Wednesday, August 27, 2014

DB's Song of the Day (day 239): "COLOUR MY WORLD" (1970) Chicago



Summer is dwindling, if not quite dead. I mean that in the sense in which “summer” is used to refer to the season when the kids are out of school. That time grows short, indeed. But “summer,” as the actual season, has almost a month to go, though here in the States we've got this Memorial Day to Labor Day mentality, while “summer” as a climate condition goes on a bit beyond the equinox sometimes. Which is a way of saying it still feels very much like summer, temperature-wise, but the sense of an ending is everywhere apparent. Particularly here in a college town.

As someone born just past mid-August, I long ago accepted my birthday as a harbinger of that inevitable change. It always depressed me a little as a kid to know that a mere two weeks of “summer” remained. Enough time for “something”—it’s a popular vacation period—but not enough to make one forget time’s ineluctable movement.

In posting “a song of the day,” many factors determine the choice, but I have to say that, in these hazy, lazy days of summer, I’ve felt at times like I’m “phoning it in.” Making a choice based on some feature of the calendar and letting that do the talking, so to speak. I feel that things maybe will sharpen up as we press on into my favorite time of the year, generally. I expect that fall might be a bit more focused, a bit more . . . exacting? than has been the case of late. Though who am I to say? Maybe it's just been that all these summer activities have distracted me. Certainly, winter is better for sedentary occupations.

One thing these posts are proving is that I still feel most drawn to the music of the Sixties and Seventies because those are the albums that meant something as recorded works. One of the challenges of punk was that it kicked in the head the very notion of being an “audiophile” who sits back in fat cat splendor drooling over his well-crafted disks. Records became much more catch-as-catch can and even the ones that were notable for “production values” throughout the Eighties still look and feel, commercially speaking, like cheap product—gone were the heavier vinyl, the gatefold album covers and interesting packaging, and then came those cheesy little plastic CD cases. Which is a way of saying that my generation, who came of artistic age in the Eighties, got cheated by their place in history, in terms of the record industry, but it got even worse (from that point of view) later.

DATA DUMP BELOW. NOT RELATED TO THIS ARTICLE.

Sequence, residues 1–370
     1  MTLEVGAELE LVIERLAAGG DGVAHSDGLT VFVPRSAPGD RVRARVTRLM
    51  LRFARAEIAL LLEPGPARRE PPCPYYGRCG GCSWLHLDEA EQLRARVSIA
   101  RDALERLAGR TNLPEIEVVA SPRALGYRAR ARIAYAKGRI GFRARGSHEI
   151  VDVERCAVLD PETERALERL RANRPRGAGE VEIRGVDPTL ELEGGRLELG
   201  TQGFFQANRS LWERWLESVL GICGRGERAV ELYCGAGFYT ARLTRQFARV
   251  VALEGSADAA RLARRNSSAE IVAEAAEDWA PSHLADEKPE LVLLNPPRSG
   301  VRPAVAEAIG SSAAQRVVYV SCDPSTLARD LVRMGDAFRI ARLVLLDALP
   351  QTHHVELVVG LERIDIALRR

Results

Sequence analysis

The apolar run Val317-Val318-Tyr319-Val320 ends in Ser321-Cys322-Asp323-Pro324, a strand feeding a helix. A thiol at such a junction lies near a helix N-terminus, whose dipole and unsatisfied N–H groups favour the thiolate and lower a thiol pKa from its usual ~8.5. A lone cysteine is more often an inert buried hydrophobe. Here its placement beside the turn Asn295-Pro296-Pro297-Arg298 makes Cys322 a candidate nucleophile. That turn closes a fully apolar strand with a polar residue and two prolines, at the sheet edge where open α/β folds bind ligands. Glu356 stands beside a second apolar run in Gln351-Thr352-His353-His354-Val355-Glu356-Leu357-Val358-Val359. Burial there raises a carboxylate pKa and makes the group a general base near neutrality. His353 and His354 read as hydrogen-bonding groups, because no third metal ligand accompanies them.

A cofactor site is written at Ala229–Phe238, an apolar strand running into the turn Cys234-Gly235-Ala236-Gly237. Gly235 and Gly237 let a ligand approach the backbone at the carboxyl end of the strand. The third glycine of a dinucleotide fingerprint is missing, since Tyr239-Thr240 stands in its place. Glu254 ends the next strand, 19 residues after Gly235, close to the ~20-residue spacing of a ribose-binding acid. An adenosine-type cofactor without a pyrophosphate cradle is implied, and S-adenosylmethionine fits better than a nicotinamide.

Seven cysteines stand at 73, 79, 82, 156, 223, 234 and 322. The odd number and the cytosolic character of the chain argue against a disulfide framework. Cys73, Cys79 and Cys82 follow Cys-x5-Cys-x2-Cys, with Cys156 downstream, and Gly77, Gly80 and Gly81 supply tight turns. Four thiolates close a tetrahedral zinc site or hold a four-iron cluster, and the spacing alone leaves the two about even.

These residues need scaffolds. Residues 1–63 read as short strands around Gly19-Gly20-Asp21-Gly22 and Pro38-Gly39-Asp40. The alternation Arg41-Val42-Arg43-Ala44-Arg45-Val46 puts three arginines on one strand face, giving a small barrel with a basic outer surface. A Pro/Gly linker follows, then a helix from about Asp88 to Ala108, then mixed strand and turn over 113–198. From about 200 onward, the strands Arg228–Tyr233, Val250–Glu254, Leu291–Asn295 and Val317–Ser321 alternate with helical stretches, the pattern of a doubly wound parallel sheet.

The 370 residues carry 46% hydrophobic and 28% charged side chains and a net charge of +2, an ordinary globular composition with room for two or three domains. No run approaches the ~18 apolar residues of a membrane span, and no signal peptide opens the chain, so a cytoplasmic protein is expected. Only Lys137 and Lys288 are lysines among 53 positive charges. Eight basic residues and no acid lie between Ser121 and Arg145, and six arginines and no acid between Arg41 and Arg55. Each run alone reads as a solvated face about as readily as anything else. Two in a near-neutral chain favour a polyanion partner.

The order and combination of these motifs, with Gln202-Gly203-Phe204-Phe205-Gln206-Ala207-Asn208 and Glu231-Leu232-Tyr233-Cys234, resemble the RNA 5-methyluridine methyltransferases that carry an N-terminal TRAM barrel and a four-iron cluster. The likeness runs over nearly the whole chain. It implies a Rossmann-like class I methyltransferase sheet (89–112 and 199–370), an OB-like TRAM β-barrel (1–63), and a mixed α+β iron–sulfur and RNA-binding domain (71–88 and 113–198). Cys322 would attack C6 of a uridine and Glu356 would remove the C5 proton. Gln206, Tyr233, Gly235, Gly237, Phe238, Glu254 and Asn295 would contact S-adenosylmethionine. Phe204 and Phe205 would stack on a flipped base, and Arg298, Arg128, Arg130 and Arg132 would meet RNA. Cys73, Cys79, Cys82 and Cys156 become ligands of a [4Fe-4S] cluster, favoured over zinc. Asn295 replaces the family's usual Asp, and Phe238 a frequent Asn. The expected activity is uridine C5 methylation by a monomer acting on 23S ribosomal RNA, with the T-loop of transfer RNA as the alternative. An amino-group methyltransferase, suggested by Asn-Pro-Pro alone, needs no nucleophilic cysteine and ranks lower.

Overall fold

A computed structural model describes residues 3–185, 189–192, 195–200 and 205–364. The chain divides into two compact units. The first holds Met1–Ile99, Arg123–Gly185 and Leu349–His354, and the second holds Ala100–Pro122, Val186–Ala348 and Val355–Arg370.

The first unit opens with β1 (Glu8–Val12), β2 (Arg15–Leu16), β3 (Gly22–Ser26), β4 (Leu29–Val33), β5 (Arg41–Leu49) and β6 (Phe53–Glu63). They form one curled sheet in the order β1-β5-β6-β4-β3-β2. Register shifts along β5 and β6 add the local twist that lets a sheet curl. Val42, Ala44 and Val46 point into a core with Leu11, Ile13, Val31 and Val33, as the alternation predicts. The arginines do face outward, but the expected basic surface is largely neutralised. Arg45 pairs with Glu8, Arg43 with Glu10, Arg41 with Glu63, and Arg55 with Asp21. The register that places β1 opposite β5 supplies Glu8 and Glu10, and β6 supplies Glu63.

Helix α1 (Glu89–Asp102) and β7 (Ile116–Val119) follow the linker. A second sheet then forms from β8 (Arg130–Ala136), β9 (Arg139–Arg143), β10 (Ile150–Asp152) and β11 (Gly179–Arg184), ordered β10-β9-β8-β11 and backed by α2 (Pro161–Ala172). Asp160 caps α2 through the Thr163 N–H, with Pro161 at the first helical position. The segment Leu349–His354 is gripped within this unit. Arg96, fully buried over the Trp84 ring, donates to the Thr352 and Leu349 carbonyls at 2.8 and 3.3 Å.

All of which is—I like to think—fitting preamble to this post on today’s song. “Colour My World,” written by James Pankow, Chicago’s trombonist, and sung by the late Terry Kath, was on the band’s second album, released in January, 1970, as a big, sprawling, ambitious double LP (though, true, the double LPs fit on a single CD). The song is the B-side of another great Chicago song “Make Me Smile” (also sung by Kath), that was released in 1970. Then, in the summer of 1971, “Colour My World” was re-released as the B-side of “Beginnings.” And that summer it was on the radio quite a bit as a double A-side, enough to “colour my world” in the closing days of summer. I remember the summer of 1971—I turned 12—quite well because I was smitten. Even more smitten than I was by a crush on my sixth grade teacher in the 1970-71 school year. This affair of the heart had even more potential to provoke melancholia—for I was smitten by a siren of the airwaves.